a fascinating look at a journeyman pro golfer, better known as a "grinder," whose obsession with making the grade on the pga circuit is offset by his own mood swings. the subject is a rags to riches story, a poor mexican boy made good, and while his story is told well, his life on the circuit offers little drama apart from making the cut each week. estaban toldeo ain't no king kong misfit a la john daly; merely a hardworking, somewhat anonymous golfer, who might be one of the top 100 players in the world, but still doesn't get the respect he deserves. the author chose toledo to follow after meeting him at the qualfying school, or q, and liked what he saw--the intensity and natural feel he had for the game. had he chosen a different subject, one who was more voluble and expressive, this behind the scenes account of a pro golfer would have moved faster. instead, it petered out like a long par five, though you have to give credit to toledo for his self-discipline and desire to keep playing and playing and practicing and practicing. by the way, too many typos--bogeys!
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2 of 2 people found the following review helpful By Mike Klaas on December 14, 2000
Format: Hardcover
This book was simply sensational! Anyone who has ever touched a golf club should read this book, because it makes anyone a believer that the "impossible" can happen. I could not put this heartwarming book down after reading page after page of Esteban's trials and turmoils on his path to greatness on the PGA Tour. What a great book for anyone who's been told that they cannot do something. Esteban Toledo silenced all his critics and proved that he could!
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2 of 2 people found the following review helpful By E - man on August 3, 2000
Format: Hardcover
Being an obsessed golfer, I really enjoyed the "play-by-play" and the "insider" information the story provides. It is generally very well written (there were numerous typo's - poor editing). I just didn't want to put it down. It was like I was experiencing it with him.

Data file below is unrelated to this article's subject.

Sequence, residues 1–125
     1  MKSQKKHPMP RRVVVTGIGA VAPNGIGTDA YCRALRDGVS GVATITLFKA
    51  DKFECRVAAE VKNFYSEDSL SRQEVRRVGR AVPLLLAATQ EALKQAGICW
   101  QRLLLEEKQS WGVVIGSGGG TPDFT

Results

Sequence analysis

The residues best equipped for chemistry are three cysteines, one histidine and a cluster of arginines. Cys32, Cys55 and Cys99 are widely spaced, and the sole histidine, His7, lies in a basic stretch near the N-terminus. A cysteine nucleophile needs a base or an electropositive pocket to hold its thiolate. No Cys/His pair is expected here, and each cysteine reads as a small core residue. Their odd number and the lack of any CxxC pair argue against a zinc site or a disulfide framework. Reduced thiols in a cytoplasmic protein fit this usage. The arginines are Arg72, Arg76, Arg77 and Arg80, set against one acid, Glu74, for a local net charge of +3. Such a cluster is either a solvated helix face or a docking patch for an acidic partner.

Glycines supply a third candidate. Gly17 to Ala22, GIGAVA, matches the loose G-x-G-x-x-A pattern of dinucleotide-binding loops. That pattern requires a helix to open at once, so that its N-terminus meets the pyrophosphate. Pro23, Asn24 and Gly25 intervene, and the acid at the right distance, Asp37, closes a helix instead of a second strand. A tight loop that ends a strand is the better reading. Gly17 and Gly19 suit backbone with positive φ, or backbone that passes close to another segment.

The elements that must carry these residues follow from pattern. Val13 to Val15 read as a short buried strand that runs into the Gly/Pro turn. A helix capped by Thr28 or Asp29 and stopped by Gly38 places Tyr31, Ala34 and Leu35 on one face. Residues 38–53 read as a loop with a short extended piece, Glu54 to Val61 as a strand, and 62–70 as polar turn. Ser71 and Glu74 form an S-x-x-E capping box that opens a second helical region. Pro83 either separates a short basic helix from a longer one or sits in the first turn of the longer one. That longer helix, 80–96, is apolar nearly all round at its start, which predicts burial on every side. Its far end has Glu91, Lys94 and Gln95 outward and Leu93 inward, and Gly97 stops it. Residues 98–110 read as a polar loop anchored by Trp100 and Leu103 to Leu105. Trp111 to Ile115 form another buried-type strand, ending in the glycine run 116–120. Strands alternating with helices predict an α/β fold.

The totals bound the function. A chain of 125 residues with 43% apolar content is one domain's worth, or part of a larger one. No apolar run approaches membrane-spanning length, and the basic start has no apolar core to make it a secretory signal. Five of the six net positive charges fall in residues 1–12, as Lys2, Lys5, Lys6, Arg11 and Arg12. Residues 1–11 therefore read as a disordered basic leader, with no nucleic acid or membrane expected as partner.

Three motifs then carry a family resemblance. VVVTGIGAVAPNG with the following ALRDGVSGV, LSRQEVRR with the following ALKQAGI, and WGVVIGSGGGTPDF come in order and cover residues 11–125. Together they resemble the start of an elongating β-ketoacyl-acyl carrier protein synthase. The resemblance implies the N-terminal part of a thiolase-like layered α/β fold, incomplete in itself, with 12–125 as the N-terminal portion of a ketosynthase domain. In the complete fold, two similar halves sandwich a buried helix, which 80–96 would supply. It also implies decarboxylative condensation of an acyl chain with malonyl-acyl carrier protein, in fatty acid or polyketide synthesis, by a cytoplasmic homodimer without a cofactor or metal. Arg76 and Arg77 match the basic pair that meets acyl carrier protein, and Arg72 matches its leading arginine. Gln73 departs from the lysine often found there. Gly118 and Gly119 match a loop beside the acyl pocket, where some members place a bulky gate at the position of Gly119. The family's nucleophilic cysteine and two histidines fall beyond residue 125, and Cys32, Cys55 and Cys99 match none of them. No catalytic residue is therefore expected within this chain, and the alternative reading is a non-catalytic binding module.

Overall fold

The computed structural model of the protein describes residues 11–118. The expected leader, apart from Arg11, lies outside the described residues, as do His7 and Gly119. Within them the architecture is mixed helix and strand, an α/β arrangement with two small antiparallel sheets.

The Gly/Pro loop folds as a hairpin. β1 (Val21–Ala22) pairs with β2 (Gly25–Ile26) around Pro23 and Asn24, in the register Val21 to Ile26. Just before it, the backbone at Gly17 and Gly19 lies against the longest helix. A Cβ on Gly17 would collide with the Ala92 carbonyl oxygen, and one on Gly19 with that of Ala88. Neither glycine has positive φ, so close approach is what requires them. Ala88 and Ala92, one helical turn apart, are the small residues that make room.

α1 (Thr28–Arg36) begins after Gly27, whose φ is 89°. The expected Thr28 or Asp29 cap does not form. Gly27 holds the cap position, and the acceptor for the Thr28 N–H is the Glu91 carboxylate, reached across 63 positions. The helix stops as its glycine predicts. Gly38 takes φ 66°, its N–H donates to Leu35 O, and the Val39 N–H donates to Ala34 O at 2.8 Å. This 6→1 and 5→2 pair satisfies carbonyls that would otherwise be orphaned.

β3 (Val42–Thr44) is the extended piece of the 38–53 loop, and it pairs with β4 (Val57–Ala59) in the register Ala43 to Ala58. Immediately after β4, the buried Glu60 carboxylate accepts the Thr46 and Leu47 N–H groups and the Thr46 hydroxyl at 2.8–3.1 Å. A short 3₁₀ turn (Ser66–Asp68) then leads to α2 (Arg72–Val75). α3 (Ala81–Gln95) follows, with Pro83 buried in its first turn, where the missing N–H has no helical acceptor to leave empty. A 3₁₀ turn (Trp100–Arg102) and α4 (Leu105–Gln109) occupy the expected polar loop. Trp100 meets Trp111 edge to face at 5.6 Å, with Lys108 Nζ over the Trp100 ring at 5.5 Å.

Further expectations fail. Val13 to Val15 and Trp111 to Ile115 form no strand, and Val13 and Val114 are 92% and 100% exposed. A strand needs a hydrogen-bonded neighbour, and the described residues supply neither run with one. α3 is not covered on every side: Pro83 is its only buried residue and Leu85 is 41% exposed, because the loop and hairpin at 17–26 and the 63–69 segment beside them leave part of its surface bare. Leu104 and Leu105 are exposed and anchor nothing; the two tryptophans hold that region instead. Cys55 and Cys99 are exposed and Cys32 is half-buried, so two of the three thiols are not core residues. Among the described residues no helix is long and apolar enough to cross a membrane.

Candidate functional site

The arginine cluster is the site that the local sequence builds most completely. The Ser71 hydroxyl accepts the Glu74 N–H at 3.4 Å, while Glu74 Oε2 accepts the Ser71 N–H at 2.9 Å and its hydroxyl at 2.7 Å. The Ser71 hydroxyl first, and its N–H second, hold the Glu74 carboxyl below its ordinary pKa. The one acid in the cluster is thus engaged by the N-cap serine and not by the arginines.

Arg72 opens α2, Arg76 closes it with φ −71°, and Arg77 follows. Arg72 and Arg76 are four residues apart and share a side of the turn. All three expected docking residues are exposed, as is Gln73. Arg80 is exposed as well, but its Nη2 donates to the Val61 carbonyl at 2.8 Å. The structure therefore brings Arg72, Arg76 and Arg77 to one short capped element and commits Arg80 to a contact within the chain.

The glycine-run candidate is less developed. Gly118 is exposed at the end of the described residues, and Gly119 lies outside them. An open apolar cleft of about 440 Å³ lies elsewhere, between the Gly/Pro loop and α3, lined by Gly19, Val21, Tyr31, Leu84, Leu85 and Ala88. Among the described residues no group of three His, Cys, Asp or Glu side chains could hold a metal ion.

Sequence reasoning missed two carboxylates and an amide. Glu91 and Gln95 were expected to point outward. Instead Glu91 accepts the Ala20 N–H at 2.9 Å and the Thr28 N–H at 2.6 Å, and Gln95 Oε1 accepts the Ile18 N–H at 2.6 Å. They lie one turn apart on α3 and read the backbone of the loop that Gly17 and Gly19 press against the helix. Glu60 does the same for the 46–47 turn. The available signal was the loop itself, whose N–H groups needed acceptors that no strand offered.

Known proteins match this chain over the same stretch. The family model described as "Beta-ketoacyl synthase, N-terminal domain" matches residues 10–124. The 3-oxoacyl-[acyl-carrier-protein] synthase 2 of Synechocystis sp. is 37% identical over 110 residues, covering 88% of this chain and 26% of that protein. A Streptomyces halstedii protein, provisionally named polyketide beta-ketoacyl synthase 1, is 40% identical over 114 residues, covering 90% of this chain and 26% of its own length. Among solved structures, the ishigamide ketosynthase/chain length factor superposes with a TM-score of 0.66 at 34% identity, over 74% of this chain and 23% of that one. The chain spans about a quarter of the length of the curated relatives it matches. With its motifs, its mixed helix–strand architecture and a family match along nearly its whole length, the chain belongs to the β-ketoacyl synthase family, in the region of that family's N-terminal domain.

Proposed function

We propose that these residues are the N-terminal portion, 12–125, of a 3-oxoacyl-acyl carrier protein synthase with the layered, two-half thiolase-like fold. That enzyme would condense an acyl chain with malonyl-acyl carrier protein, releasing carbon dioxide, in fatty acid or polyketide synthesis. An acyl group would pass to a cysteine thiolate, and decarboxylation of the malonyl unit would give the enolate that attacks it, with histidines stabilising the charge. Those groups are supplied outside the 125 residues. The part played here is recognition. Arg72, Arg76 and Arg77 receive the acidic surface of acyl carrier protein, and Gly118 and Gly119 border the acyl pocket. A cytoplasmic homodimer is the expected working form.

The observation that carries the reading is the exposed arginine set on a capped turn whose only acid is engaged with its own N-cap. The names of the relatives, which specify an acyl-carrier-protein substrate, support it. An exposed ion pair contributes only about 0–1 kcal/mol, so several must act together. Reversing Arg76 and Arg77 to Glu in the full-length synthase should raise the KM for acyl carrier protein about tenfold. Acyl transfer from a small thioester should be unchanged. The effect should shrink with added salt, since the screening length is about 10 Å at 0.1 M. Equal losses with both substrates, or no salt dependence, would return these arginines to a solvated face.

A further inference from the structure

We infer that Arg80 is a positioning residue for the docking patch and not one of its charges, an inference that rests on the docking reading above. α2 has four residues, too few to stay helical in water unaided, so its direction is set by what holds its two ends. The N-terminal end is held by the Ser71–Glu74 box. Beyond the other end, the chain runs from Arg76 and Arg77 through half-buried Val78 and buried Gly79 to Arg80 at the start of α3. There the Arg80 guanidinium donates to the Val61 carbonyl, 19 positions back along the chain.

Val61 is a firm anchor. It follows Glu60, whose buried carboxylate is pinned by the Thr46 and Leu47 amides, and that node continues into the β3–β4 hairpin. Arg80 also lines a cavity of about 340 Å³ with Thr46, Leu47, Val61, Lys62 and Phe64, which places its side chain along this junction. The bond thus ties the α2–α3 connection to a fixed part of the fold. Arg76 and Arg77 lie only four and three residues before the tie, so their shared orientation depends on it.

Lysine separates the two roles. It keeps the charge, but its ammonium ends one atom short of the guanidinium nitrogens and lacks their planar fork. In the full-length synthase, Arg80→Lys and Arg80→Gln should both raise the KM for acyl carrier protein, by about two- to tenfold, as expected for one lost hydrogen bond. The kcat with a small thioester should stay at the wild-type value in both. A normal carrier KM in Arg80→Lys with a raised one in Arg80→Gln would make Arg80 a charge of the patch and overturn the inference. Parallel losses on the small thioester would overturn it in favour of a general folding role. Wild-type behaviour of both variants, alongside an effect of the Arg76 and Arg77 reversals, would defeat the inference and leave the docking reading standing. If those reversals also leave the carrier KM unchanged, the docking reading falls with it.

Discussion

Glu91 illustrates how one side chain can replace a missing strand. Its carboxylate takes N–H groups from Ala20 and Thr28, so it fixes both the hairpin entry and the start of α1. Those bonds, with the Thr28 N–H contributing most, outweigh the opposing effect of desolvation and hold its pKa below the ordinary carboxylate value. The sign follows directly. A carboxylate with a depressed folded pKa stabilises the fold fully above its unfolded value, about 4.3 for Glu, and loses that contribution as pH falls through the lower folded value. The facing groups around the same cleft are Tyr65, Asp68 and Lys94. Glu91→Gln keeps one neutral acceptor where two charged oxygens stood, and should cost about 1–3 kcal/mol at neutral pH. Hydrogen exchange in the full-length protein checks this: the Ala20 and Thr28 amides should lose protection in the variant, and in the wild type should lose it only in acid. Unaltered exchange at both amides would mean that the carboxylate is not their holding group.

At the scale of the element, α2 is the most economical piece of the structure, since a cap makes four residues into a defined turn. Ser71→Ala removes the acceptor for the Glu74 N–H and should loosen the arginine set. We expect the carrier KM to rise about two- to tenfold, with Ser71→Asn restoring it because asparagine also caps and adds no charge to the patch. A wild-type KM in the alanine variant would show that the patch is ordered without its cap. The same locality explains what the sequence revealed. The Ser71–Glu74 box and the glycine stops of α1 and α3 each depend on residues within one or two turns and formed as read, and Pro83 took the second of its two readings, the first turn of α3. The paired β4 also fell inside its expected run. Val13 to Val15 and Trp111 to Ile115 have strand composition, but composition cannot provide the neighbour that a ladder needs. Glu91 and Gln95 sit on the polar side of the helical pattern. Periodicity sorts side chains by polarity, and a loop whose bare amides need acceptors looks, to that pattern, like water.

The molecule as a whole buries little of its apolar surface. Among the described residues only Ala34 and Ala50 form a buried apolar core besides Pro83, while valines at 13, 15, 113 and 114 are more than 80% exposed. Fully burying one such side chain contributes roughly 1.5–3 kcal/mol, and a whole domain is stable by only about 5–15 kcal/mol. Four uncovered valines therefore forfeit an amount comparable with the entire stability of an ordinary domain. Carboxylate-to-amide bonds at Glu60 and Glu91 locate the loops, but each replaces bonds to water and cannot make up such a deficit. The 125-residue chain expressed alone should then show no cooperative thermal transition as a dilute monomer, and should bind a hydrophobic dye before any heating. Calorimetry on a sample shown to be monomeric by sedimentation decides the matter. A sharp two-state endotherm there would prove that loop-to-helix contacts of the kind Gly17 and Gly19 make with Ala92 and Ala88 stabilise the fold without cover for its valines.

It's a great success story, one that anyone will enjoy.
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3 of 4 people found the following review helpful By Gerald Carroll on March 17, 2000
Format: Hardcover
The author presents a well written and compelling narrative of the dreams and struggles of PGA Tour professional Esteban Toledo. Read this book if you are interested in the day-to-day life of a touring golf professional. I was, however, continuously distracted by the poor editing of the book. There are so many editing mistakes that by the end of the book the reader is simply insulted by the lack of care that apparently went into publishing the author's excellent work.
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1 of 1 people found the following review helpful By Albert H. Bourne Jr. on June 6, 2000
Format: Hardcover
When this book was given to me by a friend I said, " Golf, You have to be kidding." My friend told me to give it a chance and loe and behold, by the middle of chapter one, I was hooked. This beautiful book is about life, I felt as if the author was in my den, reading this book to me personally. Mr. D'Antonio is a major talent and I intend to read his other works, Bravo!
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3 of 4 people found the following review helpful By B. D. Colen on March 1, 2000
Format: Hardcover
In "Tin Cup Dreams" Michael D'Antonio combines the heart of a life-long duffer with the observational and prose skills of a John McPhee. I think golf is perhaps the single most boring human activity - after sleeping - but I couldn't put down my copy of Tin Cup Dreams until I finished the last page.